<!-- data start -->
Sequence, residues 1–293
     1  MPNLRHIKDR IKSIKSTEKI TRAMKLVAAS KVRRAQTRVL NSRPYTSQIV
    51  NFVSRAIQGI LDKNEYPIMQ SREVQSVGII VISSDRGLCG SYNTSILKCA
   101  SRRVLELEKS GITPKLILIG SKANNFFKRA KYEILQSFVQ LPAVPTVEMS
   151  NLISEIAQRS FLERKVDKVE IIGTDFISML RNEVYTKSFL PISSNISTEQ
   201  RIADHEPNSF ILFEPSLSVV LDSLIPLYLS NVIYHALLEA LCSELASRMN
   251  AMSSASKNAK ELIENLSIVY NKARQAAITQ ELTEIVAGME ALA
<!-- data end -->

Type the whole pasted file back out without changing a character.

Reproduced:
Sequence, residues 1–293
     1  MPNLRHIKDR IKSIKSTEKI TRAMKLVAAS KVRRAQTRVL NSRPYTSQIV
    51  NFVSRAIQGI LDKNEYPIMQ SREVQSVGII VISSDRGLCG SYNTSILKCA
   101  SRRVLELEKS GITPKLILIG SKANNFFKRA KYEILQSFVQ LPAVPTVEMS
   151  NLISEIAQRS FLERKVDKVE IIGTDFISML RNEVYTKSFL PISSNISTEQ
   201  RIADHEPNSF ILFEPSLSVV LDSLIPLYLS NVIYHALLEA LCSELASRMN
   251  AMSSASKNAK ELIENLSIVY NKARQAAITQ ELTEIVAGME ALA